After viewing the given message in all three modalities (email, voice mail, and face-to-face), I developed different interpretations of the meaning of the message.  I noticed the biggest change in meaning between the email and the voice mail messages. There were still some clear differences between voice mail and face-to-face as well.

I felt the email message was formal, polite, and to the point… at first. Then, as I re-read it, I felt some of the statements could be rude or possibly sarcastic. For example, Jane writes in the email, “I know you have been busy and possibly in that all day meeting today, but I really need an ETA on the missing report.” At first glance, I feel that’s genuine and the writer is empathizing with Mark. However, as I re-read it, I realize it could be interpreted as sarcastic or almost accusing Mark of not giving Jane the attention to her project that she feels it deserves.  Also, if Mark did not have a meeting that day, Mark might think Jane knew that and put that line in to antagonize him.  The rest of the message seems sincere and ends with a kind and polite closing: “I really appreciate your help.”

The voice mail provides a calm vocal tone and a subtle softness that eliminates any hint of sarcasm or tension that may have been present in the email. In addition, the voice closing on the voice mail adds an extra level of genuine feeling and I felt that Jane really meant it more than she did in the email. Still, the voice can say one thing while the body language says another (Stolovitch, n.d.). I am still aware that even if the voice sounds sincere, without seeing the face to be sure there were no “eye rolls” or “smirks”, I can’t be 100% sure my interpretation is accurate.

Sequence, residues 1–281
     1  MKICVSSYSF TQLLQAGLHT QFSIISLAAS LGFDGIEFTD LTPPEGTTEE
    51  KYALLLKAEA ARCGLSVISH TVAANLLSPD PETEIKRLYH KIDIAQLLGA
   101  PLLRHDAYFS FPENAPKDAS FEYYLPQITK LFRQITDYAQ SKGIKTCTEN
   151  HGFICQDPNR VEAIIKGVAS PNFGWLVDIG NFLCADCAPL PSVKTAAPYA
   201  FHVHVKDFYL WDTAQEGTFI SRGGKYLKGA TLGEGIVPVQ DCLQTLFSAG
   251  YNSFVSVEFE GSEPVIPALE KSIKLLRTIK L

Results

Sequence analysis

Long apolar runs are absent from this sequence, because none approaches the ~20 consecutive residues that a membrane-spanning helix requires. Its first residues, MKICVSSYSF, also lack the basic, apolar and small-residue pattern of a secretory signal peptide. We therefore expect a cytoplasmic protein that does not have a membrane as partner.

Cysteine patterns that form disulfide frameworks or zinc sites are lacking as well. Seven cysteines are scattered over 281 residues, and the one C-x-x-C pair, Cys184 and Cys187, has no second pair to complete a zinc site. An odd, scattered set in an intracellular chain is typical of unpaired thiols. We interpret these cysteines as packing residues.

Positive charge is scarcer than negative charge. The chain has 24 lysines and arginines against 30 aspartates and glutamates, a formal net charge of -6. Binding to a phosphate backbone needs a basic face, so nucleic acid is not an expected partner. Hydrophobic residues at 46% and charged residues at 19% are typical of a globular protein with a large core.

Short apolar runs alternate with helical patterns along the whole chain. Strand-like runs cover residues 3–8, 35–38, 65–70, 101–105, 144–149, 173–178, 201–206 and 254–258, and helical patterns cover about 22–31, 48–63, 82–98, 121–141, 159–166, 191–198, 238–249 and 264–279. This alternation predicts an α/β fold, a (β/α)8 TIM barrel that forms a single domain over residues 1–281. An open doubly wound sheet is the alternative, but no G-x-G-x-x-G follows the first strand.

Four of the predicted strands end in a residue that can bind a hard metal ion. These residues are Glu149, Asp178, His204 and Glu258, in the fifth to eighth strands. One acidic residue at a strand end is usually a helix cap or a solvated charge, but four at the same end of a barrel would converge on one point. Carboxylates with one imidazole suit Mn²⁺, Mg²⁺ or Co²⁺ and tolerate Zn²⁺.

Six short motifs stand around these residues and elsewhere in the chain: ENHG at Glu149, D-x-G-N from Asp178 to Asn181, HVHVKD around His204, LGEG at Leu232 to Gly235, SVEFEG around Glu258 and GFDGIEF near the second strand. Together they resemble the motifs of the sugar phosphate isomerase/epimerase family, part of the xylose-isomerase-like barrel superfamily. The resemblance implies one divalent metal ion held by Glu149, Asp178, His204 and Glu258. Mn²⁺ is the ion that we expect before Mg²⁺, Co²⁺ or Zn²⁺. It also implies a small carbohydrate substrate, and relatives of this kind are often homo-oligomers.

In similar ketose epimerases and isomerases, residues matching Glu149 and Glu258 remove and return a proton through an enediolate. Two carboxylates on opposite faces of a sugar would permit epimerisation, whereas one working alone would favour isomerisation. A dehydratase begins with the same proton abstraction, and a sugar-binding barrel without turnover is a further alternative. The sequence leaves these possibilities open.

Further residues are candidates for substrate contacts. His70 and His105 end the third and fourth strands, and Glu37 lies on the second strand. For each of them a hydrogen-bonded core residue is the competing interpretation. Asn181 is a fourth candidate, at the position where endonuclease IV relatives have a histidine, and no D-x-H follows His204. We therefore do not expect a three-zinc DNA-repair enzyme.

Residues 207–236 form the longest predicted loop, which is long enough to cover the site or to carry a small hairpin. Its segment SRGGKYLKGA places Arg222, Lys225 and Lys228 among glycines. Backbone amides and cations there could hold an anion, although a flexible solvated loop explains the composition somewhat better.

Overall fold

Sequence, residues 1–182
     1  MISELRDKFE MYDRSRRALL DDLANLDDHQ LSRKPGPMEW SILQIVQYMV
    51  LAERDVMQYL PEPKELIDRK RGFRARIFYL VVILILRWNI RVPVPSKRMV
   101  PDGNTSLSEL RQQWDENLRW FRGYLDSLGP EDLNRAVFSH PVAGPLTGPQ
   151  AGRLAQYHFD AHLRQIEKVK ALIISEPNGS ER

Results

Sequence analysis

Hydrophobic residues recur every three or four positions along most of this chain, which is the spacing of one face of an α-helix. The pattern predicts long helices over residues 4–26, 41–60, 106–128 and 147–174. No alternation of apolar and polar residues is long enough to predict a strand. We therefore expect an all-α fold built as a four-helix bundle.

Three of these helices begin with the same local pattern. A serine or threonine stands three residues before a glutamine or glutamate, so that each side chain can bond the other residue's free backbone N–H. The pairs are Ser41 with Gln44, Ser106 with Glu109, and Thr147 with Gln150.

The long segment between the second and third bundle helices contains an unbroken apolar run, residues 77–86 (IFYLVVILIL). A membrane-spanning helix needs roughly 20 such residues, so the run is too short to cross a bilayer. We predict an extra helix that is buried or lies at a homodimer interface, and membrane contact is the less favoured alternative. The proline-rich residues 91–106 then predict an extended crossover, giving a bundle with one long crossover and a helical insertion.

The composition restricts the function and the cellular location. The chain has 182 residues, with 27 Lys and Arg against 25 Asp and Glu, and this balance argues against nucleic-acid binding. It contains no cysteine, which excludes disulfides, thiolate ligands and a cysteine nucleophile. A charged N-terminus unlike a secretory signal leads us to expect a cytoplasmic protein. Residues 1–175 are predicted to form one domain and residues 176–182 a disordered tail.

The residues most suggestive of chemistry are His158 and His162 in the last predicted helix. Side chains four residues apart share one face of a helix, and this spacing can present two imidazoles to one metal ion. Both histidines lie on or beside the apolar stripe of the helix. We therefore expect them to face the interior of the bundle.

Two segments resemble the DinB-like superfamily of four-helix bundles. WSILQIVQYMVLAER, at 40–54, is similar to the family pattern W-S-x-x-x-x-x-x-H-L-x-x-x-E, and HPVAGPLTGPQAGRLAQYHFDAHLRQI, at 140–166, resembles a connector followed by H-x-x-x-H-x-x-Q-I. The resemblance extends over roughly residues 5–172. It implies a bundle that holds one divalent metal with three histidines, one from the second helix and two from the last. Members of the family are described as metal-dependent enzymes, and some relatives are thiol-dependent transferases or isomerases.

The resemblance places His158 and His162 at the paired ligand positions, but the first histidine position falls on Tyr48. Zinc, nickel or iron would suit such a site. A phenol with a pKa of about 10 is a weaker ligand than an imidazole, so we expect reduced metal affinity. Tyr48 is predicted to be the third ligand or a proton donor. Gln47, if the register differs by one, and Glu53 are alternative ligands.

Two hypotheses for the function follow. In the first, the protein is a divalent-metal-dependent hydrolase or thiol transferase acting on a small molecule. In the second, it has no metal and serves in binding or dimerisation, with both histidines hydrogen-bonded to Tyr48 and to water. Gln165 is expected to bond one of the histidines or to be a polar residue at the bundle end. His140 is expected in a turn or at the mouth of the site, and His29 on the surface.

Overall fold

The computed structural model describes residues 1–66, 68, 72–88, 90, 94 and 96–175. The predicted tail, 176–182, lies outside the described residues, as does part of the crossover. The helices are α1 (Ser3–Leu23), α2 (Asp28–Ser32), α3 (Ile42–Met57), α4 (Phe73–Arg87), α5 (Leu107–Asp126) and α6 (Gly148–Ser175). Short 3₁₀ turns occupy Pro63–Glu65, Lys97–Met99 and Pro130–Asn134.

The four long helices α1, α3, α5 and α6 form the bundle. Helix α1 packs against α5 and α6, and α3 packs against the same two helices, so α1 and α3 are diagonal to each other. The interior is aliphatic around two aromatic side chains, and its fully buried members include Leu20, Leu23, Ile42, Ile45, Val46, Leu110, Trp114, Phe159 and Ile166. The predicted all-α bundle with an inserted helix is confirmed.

Finally, the face-to-face message gave me the confidence that I was correct in my interpretation. I confirmed my feeling that Jane is relaxed, understanding, and simply checking in with Mark in an informal, friendly communication to find out the status of the report. The clues to how she is feeling about Mark and his report are visible. It is clear that any negative interpretations on my part from the email or voice mail were inaccurate now that I am able to view body language, tone, spirit, and attitude (Stolovitch, n.d.).

This activity shows that communication with members of a project team is open to a variety of interpretations depending on the modality used. Kato & Akahori (2004) confirmed this with a study that looked at email versus face-to-face interpretations. They explain that utilizing face-to-face communication alone or before and/or after email communication is much more effective and results in a more positive emotional communication than email alone. In addition, email or voice mail communication does not allow for correction or reaction in real time (Whipple, 2011). “We modify the words, cadence, tone, and our own body language moment by moment based on the feedback we can see” (Whipple, 2011, p .1). For example, in the face-to-face situation, Jane would be able to see Mark’s facial expressions as he responds to her and she could then adjust what she says based on that feedback. This is extremely important in communication and is lost in email and even voice mail.